More than 50 per cent of global destinations have started easing travel restrictions, reveals the latest data by the United Nations World Tourism Organisation (UNWTO).
Analysing restrictions up to September 1, the seventh edition of the UNWTO “Covid-19 Related Travel Restrictions: A Global Review for Tourism” shows that 115 destinations (53 per cent of all destinations worldwide) have eased travel restrictions, indicating an increase of 28 since July 19.
Out of these, two have lifted all restrictions, while the remaining 113 continue to have certain restrictive measures in place.
On the other hand, 93 destinations (43 per cent of all worldwide destinations) continue to have their borders completely closed to tourism, according to the study.
More than half of all destinations with borders completely closed to tourism are classified as being among the ‘world’s most vulnerable countries.’ These include ten Small Island Developing States (SIDS), one Least Developed Country (LDC) and three Land-Locked Developing Countries (LLDCs).
Over half of destinations with full restrictions still in place are also highly dependent on aviation, with at least 70 per cent of their tourist arrivals coming by air.
Other key findings from the research include:
- Destinations which have eased travel restrictions generally have high or very high levels of health and hygiene infrastructure. They also tend to have comparatively low Covid-19 infection rates.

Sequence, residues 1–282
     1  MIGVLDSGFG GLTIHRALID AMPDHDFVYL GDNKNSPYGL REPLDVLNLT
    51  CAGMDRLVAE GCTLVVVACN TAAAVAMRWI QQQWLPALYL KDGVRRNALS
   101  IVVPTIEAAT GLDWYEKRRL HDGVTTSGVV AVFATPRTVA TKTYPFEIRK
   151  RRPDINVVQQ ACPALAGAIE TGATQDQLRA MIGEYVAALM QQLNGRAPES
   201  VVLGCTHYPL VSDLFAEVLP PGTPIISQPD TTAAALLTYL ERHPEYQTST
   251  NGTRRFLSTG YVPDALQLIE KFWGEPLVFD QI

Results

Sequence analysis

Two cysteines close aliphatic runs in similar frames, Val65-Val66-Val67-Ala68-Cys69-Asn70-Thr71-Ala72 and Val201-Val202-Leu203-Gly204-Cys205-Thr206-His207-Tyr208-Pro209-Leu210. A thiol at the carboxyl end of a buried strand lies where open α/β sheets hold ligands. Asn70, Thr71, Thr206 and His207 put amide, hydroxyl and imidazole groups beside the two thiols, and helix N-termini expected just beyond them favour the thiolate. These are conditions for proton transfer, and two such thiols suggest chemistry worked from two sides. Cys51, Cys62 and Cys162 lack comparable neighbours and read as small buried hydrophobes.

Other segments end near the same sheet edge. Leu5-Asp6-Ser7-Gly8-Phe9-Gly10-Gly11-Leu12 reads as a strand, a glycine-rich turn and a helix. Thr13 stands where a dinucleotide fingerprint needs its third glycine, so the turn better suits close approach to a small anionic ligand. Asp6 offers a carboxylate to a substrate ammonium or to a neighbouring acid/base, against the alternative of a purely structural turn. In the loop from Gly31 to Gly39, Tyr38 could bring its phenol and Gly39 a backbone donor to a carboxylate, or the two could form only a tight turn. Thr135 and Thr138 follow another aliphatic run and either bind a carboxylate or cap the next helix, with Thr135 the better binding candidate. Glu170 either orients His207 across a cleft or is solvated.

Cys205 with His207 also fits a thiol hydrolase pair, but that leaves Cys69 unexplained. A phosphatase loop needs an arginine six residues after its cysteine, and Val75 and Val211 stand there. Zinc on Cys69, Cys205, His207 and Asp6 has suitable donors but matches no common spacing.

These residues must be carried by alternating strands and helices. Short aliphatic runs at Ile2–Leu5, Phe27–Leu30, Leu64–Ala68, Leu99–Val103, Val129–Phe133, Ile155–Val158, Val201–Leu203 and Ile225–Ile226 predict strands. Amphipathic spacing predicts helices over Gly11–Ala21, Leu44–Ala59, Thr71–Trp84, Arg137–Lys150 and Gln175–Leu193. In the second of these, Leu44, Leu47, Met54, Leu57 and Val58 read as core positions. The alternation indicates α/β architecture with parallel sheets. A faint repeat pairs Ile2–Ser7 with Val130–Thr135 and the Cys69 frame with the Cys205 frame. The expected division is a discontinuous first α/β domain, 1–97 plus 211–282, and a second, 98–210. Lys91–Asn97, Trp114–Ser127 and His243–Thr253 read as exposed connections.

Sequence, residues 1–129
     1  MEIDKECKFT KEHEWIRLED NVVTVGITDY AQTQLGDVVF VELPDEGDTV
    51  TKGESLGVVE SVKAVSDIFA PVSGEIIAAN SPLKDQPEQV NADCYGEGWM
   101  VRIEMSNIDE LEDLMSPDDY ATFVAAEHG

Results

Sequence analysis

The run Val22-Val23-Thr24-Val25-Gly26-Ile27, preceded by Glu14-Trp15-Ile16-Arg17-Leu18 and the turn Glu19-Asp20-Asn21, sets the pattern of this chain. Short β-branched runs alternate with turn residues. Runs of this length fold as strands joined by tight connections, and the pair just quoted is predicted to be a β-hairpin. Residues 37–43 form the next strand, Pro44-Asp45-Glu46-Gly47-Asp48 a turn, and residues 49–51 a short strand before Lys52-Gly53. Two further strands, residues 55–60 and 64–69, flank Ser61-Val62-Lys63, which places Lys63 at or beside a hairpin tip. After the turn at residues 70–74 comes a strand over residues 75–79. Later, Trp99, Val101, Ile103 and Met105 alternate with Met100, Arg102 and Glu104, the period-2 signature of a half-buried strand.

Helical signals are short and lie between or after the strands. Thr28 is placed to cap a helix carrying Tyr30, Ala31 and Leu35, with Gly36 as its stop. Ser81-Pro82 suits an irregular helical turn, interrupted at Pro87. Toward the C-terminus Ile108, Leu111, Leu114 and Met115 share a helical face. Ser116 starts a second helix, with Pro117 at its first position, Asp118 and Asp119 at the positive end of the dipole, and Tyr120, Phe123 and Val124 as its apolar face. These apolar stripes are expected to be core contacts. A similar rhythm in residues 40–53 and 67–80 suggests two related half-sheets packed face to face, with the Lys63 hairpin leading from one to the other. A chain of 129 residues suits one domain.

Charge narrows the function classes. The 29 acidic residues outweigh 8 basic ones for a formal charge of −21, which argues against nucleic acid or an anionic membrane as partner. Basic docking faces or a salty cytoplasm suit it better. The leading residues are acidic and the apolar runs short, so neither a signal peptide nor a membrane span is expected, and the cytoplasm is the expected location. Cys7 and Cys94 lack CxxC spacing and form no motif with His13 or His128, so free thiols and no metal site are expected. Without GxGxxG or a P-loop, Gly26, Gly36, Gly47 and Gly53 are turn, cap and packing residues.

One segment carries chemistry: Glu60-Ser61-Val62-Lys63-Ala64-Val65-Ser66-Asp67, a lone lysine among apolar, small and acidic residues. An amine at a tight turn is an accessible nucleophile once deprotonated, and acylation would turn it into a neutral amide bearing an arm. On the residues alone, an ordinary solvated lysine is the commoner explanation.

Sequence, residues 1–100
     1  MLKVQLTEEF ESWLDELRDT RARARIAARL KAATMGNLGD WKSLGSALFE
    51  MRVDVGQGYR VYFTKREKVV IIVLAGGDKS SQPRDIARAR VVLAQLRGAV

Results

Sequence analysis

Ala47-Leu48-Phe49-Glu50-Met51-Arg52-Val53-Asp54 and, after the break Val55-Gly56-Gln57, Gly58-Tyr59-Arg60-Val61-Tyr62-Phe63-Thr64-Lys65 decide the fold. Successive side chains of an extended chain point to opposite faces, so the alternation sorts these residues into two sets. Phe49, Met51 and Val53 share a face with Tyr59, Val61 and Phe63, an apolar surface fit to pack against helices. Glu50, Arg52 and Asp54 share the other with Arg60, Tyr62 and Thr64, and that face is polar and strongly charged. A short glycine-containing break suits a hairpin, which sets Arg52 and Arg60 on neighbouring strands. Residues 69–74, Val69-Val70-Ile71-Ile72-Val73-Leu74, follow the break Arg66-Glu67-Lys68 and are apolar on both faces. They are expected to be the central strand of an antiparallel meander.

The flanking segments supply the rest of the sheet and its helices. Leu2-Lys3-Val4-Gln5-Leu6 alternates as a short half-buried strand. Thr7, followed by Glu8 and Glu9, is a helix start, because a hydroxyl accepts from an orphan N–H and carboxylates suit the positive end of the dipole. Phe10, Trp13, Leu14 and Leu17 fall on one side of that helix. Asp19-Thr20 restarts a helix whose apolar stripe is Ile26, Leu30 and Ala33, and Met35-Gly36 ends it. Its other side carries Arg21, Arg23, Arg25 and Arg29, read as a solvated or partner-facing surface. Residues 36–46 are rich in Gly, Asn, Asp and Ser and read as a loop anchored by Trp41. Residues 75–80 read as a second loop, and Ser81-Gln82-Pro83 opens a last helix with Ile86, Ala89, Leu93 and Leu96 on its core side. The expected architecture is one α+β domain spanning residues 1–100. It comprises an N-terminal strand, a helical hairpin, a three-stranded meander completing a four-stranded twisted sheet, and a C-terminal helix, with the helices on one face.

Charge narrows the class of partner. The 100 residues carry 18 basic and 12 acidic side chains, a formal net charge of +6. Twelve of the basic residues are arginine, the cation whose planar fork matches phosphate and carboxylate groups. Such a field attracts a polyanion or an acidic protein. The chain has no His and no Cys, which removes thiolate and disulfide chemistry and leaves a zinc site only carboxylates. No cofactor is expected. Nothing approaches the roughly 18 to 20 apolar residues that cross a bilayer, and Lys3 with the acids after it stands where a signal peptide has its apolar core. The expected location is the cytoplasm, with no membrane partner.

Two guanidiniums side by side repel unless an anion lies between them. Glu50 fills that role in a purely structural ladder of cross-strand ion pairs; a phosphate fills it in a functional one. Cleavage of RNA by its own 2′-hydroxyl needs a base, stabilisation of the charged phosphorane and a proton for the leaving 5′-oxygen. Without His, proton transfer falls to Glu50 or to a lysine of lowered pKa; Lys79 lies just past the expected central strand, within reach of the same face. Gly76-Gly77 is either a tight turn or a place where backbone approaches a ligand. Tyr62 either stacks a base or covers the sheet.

- Within advanced economies, 79 per cent of tourism destinations have eased restrictions. In emerging economies, just 47 per cent of destinations have done so.
- About 64 per cent of those destinations (with eased protocols) have a high or medium dependence on air as a mode of transport for international tourist arrivals.
UNWTO secretary-general Zurab Pololikashvili said:
“Coordinated leadership and enhanced cooperation between governments mean tourism is slowly but steadily restarting in many parts of the world.
“Starting to ease restrictions on travel opens doors for tourism’s social and economic benefits to return.
“While we must remain vigilant and cautious, we are concerned about those destinations with ongoing full travel restrictions, especially where tourism is a lifeline and economic and social development are under threat.”